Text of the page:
Released for free under a Creative Commons Attribution 3.0 License Name : Unofficial Channels Description: A two-column, fixed-width design with a bright color scheme. Version : 1.0 Released : 20120723 --> Vol. 37 No. 2


Comparative in vitro Study of the Bond Strength on Dentin

of Two Sealing Cements: BC-SEALER and AH-PLUS

A. Carrillo Varguez1, B.I. Santana Basoco1, B. González Vizcarra2, L.J. Villarreal Gómez2,3, D. Jaramillo Fernández4, N. Rentería Aguilera1, M.E. Hofmann Salcedo1

1Facultad de Odontología, Universidad Autónoma de Baja California, Tijuana, México.

2Escuela de Ciencias de la Ingeniería y Tecnología, Universidad Autónoma de Baja California, Tijuana, México.

3 Facultad de Ciencias Químicas e Ingeniería, Universidad Autónoma de Baja California, Tijuana, México.

4 University of Texas Health Science Center at Houston (UTHealth), Texas, United States.


Gutta-percha with a sealer cement has been used for many years as a fill for root canal therapies, new materials and techniques have been recently developed that could increase the success rate of endodontic treatments. It is important to compare materials that are used today, with those that are coming to the market, which possess considerable advantages that may well increase the rate of successful treatments. The purpose of this research is to evaluate the adhesion properties of a new bioceramic sealer: EndoSequence® BC SealerTM using BC Points. For this, the following techniques were used: Single cone obturation and lateral condensation with AH-Plus. The results demonstrated differences between the groups of AH-Plus and BC-Sealer. On the bond strength that was applied in the different thirds of the root canal, the sealer cement BC-Sealer proved to be the best adhesion material in all thirds of the root canal being significantly more noticeable in the apical third. The two sealants are effective root canal adhesives, used properly, any of there may grant an acceptable result.

Keywords: bond strength, comparative study, sealing cements.

Carrillo Varguez Ana Gabriela
Facultad de Odontología, Universidad Autónoma de Baja California. Lerdo y Garibaldi S/N, Colonia Juárez, Tijuana Baja California, México
Correo electrónico:

Fecha de recepción:
18 de diciembre de 2015

Fecha de aceptación:
6 de mayo de 2016



A pesar de que la gutapercha con cemento sellador ha sido utilizada durante muchos años, últimamente se han desarrollado nuevos materiales y técnicas que podrían incrementar la tasa de éxito en los tratamientos endodónticos. Es importante comparar materiales que en la actualidad se utilizan con los nuevos que están saliendo al mercado con considerables ventajas que puedan así aumentar el índice de tratamientos exitosos. Por lo tanto, el propósito de esta investigación es evaluar las propiedades de adhesión de un nuevo sellador biocerámico Endo-Sequence® BC SealerTM usando BC Points. Para esto, se utilizó la técnica de obturación cono único y condensación lateral con AH- Plus. Se encontraron diferencias entre los grupos de AH-Plus y BC-Sealer. Sobre la fuerza de adhesión que se aplicó en los diferentes tercios del conducto radicular, el cemento sellador BC-Sealer demostró ser el material con mejor adhesión en todos los tercios del conducto radicular siendo significativamente más notable en tercio apical. Los dos cementos selladores son efectivos para la adhesión en los conductos radiculares, cualquiera de estos bien utilizados otorgará un resultado aceptable.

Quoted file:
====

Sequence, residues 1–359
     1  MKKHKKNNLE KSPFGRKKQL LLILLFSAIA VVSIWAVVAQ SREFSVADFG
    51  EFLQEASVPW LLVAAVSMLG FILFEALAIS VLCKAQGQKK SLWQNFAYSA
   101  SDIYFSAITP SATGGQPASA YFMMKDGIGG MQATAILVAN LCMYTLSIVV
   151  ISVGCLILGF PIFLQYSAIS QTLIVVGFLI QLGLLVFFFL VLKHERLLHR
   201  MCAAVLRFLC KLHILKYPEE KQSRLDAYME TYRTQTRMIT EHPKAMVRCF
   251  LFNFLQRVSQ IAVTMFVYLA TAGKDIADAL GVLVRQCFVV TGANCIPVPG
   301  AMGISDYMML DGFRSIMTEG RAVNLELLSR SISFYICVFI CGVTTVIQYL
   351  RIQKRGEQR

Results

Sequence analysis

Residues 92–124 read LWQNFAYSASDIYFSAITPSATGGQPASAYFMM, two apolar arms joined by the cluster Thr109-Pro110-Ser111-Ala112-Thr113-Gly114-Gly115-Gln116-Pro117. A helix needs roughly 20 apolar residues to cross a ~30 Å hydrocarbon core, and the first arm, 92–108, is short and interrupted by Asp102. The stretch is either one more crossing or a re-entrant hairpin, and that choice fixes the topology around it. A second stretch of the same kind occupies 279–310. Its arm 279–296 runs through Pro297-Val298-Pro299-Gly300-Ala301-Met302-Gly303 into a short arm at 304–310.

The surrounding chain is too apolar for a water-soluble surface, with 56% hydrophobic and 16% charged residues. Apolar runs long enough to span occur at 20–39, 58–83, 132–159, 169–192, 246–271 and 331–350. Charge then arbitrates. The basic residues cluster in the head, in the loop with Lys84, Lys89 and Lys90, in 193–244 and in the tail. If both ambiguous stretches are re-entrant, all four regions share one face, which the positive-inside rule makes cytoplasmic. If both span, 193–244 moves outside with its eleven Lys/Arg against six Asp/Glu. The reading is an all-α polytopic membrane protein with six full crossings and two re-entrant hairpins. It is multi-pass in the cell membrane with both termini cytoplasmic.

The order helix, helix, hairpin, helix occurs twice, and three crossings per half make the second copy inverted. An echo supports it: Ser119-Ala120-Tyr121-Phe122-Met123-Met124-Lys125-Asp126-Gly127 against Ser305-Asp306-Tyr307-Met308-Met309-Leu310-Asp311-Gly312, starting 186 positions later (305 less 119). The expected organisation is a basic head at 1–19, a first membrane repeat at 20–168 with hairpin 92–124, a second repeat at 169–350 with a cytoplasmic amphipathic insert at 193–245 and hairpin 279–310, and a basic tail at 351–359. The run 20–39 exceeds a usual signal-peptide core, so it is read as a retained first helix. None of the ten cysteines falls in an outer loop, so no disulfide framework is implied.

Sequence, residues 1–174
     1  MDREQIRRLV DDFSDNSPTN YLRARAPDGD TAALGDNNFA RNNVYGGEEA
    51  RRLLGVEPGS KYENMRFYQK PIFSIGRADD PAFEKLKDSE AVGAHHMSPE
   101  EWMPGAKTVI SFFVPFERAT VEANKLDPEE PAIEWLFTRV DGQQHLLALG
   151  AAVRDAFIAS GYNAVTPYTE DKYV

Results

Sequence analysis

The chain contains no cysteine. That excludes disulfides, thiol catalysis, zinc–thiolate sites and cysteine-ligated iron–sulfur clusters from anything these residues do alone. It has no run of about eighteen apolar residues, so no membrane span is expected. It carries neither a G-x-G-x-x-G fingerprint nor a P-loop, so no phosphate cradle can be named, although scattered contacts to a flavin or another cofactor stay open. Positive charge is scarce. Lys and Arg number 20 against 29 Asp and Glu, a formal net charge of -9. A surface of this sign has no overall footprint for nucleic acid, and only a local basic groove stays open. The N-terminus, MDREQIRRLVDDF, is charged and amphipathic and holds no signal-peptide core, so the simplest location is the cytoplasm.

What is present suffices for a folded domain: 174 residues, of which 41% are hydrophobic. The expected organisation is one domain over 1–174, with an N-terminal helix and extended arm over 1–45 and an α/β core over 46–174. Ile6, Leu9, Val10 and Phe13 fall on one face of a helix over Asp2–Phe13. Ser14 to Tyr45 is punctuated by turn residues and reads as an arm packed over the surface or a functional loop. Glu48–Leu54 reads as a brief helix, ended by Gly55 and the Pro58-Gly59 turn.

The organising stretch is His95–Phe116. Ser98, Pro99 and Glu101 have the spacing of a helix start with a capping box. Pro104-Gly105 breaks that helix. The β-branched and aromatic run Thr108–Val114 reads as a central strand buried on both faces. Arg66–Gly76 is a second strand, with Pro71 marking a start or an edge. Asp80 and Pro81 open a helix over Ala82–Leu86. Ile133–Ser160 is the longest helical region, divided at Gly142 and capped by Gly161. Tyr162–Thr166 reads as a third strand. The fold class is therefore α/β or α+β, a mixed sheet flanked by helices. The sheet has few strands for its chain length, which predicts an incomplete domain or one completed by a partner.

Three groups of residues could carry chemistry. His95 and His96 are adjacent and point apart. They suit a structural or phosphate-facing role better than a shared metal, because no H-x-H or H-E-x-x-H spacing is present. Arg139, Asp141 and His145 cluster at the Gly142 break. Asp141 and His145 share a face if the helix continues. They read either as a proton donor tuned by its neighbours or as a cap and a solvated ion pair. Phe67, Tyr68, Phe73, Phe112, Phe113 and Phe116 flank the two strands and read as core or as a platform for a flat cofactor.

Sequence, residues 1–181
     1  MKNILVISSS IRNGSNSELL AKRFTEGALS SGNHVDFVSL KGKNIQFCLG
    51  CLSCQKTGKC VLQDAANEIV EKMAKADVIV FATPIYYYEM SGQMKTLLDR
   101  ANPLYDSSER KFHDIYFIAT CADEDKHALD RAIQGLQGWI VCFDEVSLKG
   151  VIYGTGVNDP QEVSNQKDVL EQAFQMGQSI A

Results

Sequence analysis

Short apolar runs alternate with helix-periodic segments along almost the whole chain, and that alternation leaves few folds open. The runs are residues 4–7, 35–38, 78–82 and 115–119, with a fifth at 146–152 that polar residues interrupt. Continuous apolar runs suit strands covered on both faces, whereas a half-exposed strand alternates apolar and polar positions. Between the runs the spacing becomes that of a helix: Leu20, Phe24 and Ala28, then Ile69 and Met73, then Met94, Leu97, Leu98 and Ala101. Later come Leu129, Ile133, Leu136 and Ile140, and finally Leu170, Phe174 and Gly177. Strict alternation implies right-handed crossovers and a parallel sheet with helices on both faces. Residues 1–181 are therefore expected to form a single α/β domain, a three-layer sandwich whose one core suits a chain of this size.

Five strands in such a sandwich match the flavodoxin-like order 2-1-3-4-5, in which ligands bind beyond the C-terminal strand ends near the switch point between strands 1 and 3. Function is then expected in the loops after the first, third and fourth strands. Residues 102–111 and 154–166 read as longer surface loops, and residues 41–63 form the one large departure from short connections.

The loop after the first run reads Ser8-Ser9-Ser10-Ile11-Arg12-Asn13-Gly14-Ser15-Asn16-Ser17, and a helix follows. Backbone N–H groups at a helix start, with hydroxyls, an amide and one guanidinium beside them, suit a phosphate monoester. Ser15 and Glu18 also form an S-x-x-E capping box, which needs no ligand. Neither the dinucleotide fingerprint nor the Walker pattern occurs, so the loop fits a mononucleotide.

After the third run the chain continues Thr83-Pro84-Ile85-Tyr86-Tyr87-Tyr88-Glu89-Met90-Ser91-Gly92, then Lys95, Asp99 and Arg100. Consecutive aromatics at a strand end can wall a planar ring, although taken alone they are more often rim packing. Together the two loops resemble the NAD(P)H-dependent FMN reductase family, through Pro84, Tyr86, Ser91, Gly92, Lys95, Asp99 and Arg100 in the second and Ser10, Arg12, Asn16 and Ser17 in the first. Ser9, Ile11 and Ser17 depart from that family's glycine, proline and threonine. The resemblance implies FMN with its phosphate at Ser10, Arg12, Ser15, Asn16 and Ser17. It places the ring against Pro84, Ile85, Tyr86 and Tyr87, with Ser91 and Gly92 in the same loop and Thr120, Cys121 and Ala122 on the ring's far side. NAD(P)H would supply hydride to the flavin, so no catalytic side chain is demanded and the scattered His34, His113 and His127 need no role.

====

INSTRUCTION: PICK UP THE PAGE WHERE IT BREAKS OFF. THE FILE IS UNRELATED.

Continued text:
Palabras clave: cementos selladores, estudio comparativo, fuerza de adhesión.


One of the keys to successful the success of root canal therapy is an appropriate obturation [1]. The sealing of the duct system has been historically achieved with gutta-percha and cement [2]. The purpose of the obturation is to provide a filling to the duct in all aspects in order to create an apical seal to the fluids to avoid the entry of bacteria and their toxins in the periapical tissues [3]. A suitable and properly implemented 3D obturation of the root canal is a vital step towards a successful endodontic therapy. It has been argued that a successful treatment of the conduits depends on its preparation and biomechanical cleaning, in addition to the tridimensional obturation of the conduit system, that is, the complete sealing of the space occupied by the pulp tissue. The technique of lateral condensation has been the most used for the filling of the root canal and serves as a reference for the evaluation of other techniques [4].

Other study has shown that BC sealer eliminated all bacteria within two minutes of contact. The authors explained that its potent antibacterial effect might be a combination of its high pH, hydrophilic nature and active dissemination of calcium hydroxide [5]. The hardening of the sealeing occurs in a three or four hour’s lapse, which gives the handler enough time to use it in surgical and non-surgical applications [6]. In addition, sealability of the BC sealer with single cone technique has been compared against the AH Plus with the vertical technique. That study concluded that there was no difference in the sealability of each material with the previously mentioned techniques [7, 8].

Subsequently, a study evaluated the adhesion capability of two sealing cements, namely MTA Fillapex and AH-plus. In this study, 40 premolars which were prepared biomechanically with a rotary instrument were used, and all the roots were sealed only with cement sealer without using gutta-percha. The results showed that AH-Plus has greater adhesion than the MTA Fillapex [9].